Be Involved and Patient
Learning to read is the culmination of a great many learned skills and developmental processes. Learning to read is a long-term program. At times, there is no visible progress. At other times, they make dramatic daily progress. In all cases, show patience, confidence, and be encouraging. Keep the focus on the progress they've made and how proud you are, avoid accidentally over-focusing on the skills that they have not yet learned.
Learn about learning to read
There are many great books and websites on learning to read. While you don't need to know all the latest theories about learning to read, there are some basics which you should understand. My favorite sources are SEDL or Todays Learners Reading Articles. The Time4Learning free newsletter provides useful and digestible insights into how children learn to read and how parents can help teach them. It also points to the best websites, articles, resources, and books for more info on a specific steps or issues in learning to read.
Learning to Read has a sequence
Just as children start with T-ball before playing baseball, there are specific steps in learning to read. Trying to teach the steps out of sequence can inadvertently frustrate your child (and you).
For instance, prior to successfully learning phonics, the child should master a set of pre-reading skills including understanding basic print concepts, discerning the sounds, understanding that words are made up of sounds which they need to think about as interchangeable parts (ie phonemic awareness), and memorizing the alphabet.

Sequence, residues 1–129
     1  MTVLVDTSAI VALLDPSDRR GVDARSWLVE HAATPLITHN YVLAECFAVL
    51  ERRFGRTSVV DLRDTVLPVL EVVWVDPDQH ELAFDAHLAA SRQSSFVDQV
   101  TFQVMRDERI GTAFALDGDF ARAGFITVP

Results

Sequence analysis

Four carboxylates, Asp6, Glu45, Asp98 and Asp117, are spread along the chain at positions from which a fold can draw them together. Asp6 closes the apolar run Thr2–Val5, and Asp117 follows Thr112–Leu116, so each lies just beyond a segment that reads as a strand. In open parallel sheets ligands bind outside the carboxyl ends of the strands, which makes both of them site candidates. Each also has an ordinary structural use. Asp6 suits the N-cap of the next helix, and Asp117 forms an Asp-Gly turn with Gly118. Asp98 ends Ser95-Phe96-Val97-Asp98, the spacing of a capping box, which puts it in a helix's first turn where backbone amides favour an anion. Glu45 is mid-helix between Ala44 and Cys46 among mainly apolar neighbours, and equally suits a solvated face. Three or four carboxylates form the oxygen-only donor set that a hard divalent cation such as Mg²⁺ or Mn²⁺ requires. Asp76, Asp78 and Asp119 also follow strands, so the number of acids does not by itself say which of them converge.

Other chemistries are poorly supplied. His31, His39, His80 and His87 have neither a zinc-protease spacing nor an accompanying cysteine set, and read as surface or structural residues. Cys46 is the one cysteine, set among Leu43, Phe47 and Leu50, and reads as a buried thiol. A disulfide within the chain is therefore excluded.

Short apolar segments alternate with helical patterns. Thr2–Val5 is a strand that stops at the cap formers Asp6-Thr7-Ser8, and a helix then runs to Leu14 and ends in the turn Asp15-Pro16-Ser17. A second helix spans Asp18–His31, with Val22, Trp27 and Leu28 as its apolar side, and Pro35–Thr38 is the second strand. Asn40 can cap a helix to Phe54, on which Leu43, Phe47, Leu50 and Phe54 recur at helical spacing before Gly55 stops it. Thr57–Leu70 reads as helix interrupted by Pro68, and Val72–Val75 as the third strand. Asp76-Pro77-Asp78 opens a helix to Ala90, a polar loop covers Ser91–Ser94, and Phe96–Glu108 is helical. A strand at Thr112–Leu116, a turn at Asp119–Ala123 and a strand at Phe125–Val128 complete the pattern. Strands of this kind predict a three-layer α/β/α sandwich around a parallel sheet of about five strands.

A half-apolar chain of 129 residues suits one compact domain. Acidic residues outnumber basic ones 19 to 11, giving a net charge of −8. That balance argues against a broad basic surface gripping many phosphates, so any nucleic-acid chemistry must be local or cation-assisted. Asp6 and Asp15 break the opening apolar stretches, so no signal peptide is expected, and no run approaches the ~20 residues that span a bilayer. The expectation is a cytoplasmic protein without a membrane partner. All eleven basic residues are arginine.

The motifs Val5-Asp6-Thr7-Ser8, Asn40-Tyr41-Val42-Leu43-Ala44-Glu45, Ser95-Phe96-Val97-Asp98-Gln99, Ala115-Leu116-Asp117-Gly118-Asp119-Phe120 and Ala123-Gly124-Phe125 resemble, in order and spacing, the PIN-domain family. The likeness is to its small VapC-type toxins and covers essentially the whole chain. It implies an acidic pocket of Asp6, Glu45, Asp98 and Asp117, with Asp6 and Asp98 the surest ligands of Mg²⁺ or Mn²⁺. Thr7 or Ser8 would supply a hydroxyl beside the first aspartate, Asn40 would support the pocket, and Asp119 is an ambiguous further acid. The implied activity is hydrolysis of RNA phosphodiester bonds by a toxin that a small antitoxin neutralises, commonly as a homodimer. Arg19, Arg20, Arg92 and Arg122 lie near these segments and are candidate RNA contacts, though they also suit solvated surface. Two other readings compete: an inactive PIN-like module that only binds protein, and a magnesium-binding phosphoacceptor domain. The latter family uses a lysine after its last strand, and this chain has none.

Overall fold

To help parents understand the steps in learning to read, look at The Reading Skills Pyramid . And while most children do follow this sequence, be aware that each child is different and that there are a great number of variations. Three common errors to avoid are:
- Starting with phonics. There are vital reading readiness skills to develop prior to children being ready to succeed with phonics.
- Overlooking how much work and technique goes into developing reading comprehension skills. Reading comprehension is a learned skill, not a "natural" one.
- Noticing a problem and not getting to the real root of the issue. For instance, many apparent weaknesses in comprehension are due to a child struggling with word decoding. Many problems in learning to read have to do with visual perception issues.
Learning to Read is Multimodal
Learning to read is easiest if you involve all the children's learning styles and modalities. They should see the words on wall posters and have learning toys. As they learn the letters, have letters to play with (I had some big 6 inch plastic ones for my kids), drawing books with letters, playing letter games with them on the computer, and of course, seeing the letters in books. Each of these different activities helps develop prereading skills using a different learning modality.
Online Learning - Time4Learning is an Effective Fun Service
The Time4Learning language arts program can serve as a core or supplementary curriculum for children learning to read. Learn about how Time4Learning's online reading program can help your children's education. Time4Learning is built around the award-winning CompassLearning Odyssey for home use and includes math, science, and social studies.
By John Edelson, Founder - Time4Learning - Online Interactive Homeschool Curricula